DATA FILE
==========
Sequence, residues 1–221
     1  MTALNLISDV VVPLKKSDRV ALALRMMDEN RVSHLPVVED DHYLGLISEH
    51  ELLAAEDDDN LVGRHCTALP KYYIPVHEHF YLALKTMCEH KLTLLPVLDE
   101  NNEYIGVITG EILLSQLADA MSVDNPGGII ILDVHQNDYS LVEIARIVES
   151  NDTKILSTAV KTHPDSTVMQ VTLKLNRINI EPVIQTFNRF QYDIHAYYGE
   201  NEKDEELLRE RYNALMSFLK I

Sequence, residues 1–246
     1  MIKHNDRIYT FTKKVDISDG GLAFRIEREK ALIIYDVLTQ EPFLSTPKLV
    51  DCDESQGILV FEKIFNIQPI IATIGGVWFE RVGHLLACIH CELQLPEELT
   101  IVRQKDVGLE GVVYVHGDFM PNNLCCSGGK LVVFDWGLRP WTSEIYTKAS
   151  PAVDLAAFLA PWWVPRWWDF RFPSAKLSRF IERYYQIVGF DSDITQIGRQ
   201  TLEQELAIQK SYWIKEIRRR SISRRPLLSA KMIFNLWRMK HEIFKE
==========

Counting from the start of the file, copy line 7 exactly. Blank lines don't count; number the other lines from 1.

Sequence, residues 1–246